Biliary disease. The way that I want you to
approach biliary disease is the same manner
in which we approached diverticular
disease, which was what? A story, okay?
So biliary disease. We’ll begin
with the gallbladder.
It obviously accumulates and concentrates
the bile with a synthesis of it beginning
in the liver with the help of
Do not forget that with bile production,
as you move from a hepatocyte to
hepatocyte to hepatocyte to
hepatocyte, it will travel through
your canaliculi. The bile
responses to hormonal
stimulation during meals --
tell me what kind of meal,
what kind of hormone
therefore bring in the bile?
It is a lipid meal causing
stimulation of CCK.
Therefore, causing contraction of your
gallbladder and extra-hepatic biliary tree.
At this point, when the bile has
been synthesized in the liver
it will move from your zone 1,
a bile duct.
It will come out into the gallbladder
and, at that time of contraction,
with the help of CCK, the
bile will then come out
through the bile duct and
it will pass through
the sphincter of Oddi,
which then relaxes,
allows for the bile to then get
into the intestine.
Responsible for what?
Can I ask you a question?
What if you had a stone?
We’ll get into that and the pain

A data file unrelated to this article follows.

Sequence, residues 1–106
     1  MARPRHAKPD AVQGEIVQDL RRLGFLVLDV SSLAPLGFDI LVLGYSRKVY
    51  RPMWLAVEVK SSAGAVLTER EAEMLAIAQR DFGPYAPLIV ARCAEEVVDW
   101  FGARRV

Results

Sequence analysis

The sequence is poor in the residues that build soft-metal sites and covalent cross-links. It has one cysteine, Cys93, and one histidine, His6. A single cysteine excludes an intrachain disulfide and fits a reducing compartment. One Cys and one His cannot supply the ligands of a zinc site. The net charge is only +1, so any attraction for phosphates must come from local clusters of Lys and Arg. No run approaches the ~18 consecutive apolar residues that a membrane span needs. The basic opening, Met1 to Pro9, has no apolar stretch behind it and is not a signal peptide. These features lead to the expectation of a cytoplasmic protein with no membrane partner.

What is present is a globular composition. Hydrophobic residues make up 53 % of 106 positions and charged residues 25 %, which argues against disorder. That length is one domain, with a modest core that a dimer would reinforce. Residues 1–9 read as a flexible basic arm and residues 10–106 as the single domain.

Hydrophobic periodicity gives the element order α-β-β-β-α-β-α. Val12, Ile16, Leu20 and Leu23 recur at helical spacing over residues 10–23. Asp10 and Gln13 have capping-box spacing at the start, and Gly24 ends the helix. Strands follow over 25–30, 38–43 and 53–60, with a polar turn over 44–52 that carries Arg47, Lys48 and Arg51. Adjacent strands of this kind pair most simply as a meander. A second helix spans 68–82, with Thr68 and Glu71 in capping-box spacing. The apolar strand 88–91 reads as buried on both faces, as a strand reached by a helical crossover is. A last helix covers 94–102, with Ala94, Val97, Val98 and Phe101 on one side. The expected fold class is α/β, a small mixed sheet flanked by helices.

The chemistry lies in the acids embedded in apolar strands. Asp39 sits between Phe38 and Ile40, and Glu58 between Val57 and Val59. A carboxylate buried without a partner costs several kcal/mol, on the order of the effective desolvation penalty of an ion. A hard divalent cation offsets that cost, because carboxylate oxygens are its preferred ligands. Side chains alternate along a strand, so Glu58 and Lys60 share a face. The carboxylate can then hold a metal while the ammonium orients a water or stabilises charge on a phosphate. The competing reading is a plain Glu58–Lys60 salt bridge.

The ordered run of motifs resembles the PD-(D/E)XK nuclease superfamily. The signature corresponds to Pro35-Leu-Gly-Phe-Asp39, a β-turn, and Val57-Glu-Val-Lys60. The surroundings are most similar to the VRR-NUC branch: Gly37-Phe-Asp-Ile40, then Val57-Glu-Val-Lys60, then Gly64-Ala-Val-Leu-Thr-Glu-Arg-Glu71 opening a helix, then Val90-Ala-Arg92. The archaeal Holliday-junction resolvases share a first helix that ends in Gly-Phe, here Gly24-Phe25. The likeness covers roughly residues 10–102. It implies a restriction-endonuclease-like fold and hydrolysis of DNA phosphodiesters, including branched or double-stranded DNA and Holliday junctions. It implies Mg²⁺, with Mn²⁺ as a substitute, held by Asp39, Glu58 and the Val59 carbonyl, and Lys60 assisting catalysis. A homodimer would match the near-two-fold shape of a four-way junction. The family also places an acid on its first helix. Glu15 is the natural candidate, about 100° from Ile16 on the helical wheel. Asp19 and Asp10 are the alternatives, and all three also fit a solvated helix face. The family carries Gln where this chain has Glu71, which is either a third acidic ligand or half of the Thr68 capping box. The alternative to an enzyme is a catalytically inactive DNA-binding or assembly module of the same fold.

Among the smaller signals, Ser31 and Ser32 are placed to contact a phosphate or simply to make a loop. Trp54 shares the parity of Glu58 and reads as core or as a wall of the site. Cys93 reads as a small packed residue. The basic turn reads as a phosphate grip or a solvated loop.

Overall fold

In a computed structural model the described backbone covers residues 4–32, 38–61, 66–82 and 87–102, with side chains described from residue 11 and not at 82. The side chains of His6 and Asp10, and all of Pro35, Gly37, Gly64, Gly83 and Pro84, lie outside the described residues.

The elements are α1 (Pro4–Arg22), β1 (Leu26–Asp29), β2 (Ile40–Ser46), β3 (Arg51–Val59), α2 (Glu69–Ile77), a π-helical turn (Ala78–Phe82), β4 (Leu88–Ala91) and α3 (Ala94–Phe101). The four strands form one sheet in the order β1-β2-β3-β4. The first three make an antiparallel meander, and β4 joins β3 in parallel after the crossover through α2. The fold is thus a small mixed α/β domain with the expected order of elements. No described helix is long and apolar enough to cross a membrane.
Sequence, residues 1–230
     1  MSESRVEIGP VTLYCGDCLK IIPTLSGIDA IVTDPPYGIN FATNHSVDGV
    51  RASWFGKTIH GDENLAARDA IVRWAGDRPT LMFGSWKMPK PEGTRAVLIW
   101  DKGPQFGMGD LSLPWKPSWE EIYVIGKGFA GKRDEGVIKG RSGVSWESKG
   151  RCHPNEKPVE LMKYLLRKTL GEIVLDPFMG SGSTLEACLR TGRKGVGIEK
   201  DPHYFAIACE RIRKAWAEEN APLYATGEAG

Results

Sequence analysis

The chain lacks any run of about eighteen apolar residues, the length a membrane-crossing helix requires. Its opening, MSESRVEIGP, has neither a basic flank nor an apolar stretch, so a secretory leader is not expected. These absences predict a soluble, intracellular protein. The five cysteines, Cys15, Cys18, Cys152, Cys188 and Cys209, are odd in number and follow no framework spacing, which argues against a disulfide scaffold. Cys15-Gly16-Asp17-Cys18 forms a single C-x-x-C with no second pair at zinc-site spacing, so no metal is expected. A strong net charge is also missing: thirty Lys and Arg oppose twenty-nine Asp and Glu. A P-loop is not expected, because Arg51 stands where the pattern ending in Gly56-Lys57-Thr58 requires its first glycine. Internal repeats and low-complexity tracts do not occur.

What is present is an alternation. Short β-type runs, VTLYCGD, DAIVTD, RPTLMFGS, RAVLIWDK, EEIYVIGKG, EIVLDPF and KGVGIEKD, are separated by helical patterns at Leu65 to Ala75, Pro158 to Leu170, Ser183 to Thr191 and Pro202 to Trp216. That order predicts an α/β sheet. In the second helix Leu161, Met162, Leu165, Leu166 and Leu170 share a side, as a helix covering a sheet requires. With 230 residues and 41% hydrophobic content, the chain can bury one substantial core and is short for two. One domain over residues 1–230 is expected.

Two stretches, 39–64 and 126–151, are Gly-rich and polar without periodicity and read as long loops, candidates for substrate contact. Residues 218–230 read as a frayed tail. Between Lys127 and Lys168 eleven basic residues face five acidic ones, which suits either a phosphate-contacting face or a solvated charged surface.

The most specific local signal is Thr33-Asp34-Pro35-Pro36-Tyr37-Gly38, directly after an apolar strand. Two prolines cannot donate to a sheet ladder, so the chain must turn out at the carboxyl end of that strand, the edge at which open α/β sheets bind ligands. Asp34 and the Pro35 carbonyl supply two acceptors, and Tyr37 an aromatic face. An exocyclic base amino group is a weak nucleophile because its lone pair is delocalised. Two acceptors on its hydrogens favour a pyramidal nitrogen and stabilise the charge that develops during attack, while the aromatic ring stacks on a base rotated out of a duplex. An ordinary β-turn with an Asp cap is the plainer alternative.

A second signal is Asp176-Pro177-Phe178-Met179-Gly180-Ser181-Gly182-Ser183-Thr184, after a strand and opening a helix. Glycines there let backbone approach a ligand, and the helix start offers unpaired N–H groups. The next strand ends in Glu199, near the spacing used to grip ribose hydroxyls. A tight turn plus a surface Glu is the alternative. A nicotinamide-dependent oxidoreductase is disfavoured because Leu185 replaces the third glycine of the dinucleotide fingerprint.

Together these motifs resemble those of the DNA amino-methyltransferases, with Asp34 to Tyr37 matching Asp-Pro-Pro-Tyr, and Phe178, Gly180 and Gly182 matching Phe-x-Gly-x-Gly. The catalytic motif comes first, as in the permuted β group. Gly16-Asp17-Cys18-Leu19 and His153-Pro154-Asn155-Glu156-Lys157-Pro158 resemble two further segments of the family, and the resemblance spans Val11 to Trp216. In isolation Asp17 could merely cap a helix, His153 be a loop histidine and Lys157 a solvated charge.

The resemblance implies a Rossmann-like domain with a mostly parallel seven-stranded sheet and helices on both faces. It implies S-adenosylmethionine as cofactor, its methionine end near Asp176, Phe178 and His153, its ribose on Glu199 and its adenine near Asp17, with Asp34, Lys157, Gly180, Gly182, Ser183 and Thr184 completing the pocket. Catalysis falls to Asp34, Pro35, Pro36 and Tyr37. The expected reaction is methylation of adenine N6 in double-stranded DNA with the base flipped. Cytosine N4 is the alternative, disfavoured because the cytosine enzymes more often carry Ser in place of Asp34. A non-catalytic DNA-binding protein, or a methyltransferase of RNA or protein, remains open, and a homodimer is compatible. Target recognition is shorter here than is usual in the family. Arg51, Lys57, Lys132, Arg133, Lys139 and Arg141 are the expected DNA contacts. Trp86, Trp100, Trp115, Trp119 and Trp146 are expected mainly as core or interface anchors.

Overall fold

will be called
postprandial type of right upper
quadrant pain when the time is right.
A couple of things that I wish
to point out to you here.
A schematic of the biliary tree of
I want you to focus upon the
cystic duct. You see it?
That cystic duct is incredibly
proximal to the head of the gallbladder.
Because if you have a
stone there, its presentation
will be completely
different from a stone.
Next, I want you to locate
the common bile duct.
You see it? Right underneath
the cystic duct.
It might take a second.
Make sure that you’re clear
and you’ve identified it. Good.
What we’ll do, I told you
I want you to approach
biliary disease as a story.
We’re going to first develop
a stone in the gallbladder.
At some point,
maybe the stone gets stuck
in the cystic duct.
Every time the gallbladder
was to contract, it’s obstructed.
So what do you think the wall
of the gallbladder is going to do?
Oh, it’s going to inflame.
This is called -- diagnosis, please?
How often do you find this in the U.S.?
How about if you’re a general surgeon,
which some of you will go on to become.
You’re going to be doing this quite a bit.
You have an obese patient and
there’s a history in which upon
consumption of fatty meal, “Aw, I have
pain in the right upper quadrant.”
These will be indications of a
We’ll talk further. Or you could
have the stone that comes
on the common bile duct and
that I want you to identify here would
be the pancreatic duct
and I told you earlier that you
could have a stone that travels down
into the common bile duct, which also
occludes a pancreatic duct,
backs up into the pancreas and
causes damage. Let’s continue.